The user experience of your 3D guided tour is important. One often overlooked  element that is important to the user experience is working with a great 3D rendering artist. Let's explore some characteristics to look for in a great 3D artist.

Any VR tours that you include on your website need to be easy to use, intuitive and avoid requiring any special software.

The “user experience” you have working with the company or person that produces your 3D renderings should be a good one too! A big reason you may use 3D renderings as opposed to a model home is the “time to market”. Make sure the company or artist you choose to produce your renderings has the capacity to deliver what you need, when you need it, and can keep the quality high, focusing on the details we talked about earlier.

When working with developers on a VR project, I like to help them get everything asset needed before we start. These include:

• All floor plans and elevations, both interior and exterior. If these are CAD drawings that is     ideal, but I can also take a PDF drawing and get what I need from that.

• Tear sheets or something similar showing the color options, flooring, tile, textures, appliances     etc.

• Detailed plans from the cabinet maker
• Any Houzz idea book or Pinterest board showing the style of the interior décor or style sheets from the interior designer.

• Landscape plan with plant schedule and site map showing site survey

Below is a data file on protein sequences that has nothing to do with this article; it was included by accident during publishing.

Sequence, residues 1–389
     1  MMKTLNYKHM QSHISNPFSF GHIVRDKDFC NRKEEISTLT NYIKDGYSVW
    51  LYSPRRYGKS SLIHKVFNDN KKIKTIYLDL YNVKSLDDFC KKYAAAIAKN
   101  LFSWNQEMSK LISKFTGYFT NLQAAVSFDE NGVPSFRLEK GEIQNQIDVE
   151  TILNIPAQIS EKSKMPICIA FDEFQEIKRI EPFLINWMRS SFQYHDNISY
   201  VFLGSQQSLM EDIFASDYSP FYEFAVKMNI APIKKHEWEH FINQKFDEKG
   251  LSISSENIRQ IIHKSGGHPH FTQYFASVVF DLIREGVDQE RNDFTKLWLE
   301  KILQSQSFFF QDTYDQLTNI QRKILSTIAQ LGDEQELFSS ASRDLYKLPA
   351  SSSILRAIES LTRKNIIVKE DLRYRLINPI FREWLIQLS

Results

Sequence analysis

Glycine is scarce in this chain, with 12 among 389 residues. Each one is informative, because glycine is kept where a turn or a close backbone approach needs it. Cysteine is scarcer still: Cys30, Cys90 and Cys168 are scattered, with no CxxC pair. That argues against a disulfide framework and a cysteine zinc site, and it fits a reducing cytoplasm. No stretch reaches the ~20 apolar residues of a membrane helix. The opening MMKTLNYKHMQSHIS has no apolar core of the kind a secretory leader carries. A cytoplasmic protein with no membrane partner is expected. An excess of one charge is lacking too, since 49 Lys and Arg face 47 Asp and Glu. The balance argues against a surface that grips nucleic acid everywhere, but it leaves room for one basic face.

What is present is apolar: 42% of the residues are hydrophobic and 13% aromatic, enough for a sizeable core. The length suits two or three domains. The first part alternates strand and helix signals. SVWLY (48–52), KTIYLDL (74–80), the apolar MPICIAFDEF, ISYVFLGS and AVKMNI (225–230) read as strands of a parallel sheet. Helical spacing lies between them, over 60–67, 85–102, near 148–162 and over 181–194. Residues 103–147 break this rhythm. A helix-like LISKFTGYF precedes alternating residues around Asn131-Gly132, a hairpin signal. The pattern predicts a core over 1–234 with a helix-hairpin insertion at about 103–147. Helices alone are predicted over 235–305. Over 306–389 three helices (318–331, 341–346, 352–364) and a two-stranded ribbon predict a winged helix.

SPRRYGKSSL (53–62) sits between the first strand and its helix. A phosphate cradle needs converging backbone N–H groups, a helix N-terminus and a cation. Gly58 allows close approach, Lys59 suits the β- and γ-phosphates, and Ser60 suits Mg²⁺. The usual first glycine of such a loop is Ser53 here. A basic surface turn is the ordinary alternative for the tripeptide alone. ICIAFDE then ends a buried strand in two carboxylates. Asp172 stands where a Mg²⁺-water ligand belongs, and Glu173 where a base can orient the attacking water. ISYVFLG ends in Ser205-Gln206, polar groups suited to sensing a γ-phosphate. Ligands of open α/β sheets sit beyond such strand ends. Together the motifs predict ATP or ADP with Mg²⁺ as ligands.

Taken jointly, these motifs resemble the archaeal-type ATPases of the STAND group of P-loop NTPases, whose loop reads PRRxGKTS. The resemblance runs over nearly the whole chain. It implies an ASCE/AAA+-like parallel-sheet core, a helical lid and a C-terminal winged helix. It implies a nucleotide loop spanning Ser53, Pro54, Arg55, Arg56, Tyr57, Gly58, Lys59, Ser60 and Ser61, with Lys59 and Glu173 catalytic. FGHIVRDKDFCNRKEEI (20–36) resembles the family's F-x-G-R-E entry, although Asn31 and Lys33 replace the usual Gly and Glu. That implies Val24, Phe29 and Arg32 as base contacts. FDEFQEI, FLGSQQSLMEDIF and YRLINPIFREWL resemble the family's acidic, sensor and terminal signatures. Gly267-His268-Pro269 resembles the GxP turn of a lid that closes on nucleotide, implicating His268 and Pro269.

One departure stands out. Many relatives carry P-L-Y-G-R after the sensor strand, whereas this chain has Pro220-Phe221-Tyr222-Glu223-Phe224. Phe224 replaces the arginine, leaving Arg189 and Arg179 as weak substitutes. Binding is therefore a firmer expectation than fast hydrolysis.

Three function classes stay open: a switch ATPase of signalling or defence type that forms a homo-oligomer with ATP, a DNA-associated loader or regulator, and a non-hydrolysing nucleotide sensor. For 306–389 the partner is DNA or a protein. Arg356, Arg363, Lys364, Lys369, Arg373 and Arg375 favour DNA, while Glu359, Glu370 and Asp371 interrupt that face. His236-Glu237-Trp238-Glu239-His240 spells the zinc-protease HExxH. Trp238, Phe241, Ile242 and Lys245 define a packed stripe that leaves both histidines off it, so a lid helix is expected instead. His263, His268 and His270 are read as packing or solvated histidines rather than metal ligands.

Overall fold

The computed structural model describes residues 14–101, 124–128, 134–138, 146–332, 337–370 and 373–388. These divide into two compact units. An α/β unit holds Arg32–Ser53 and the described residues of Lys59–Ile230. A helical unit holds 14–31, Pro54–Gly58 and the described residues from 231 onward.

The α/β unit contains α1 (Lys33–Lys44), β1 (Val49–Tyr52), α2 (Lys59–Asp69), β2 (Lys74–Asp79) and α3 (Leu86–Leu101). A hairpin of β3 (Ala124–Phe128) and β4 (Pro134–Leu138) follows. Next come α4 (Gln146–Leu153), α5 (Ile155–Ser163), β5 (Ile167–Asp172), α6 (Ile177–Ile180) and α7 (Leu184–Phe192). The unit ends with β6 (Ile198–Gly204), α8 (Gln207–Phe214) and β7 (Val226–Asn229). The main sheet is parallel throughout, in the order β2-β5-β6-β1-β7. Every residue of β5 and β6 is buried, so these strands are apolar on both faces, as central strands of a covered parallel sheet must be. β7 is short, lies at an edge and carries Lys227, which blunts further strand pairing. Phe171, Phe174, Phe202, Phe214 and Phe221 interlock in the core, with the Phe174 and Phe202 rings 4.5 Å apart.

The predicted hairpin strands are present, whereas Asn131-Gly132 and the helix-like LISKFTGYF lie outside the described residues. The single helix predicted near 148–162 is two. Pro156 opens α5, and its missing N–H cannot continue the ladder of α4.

When it comes to moving beyond good 3D renderings to really great ones, there are quite a few things to keep in mind. Let's briefly recap what we covered earlier to make it easier to remember:

• The little details really matter. The background scenery needs to match the actual physical location as closely as possible to create that “you're really there” emotional response.

• Your renderings should be photorealistic. Avoid the temptation to exaggerate reality into something that turns off the logical part of your buyers mind. Keep it REAL!

• You can't sweat the details enough when it comes to making renderings match the actual     house. Fill it with human-feeling details like tasteful stylish furniture, as well as “lived in”     touches like throws or a wine glass on the kitchen island. 

• Your 3D artist should have access to, and the talent to use the best tools available – ones that depict the light ultra-realistically.

• Make sure that your user experience when using your 3D VR tours ( whether on your website, or in person with a VR headset)is positive. Don't leave your potential buyers feeling disoriented or seasick!

In the next chapter, I'll speak to getting the most bang for your buck from your 3D renderings and VR tours!

Next Chapter: Making the most of your 3D assets

Previous Chapter

Every architect knows that computer-built 3D renderings can only go so far in creating an accurate feel for a building. VR, however, takes this a large step forward by allowing the user to walk through and see each detail. This translates into a competitive advantage: when a customer can experience a proposed building on a more visceral level, they’re more likely to choose your design.

So, to be frank, if your firm is offering simple computer renderings while a competitor offers VR, the consumer’s choice is going to be an easy one.
— Eric Halsey, ArchDaily